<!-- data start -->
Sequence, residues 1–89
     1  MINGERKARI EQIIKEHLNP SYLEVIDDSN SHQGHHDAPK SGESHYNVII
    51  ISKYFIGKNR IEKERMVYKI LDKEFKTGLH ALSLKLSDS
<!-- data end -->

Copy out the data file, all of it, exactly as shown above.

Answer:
Sequence, residues 1–89
     1  MINGERKARI EQIIKEHLNP SYLEVIDDSN SHQGHHDAPK SGESHYNVII
    51  ISKYFIGKNR IEKERMVYKI LDKEFKTGLH ALSLKLSDS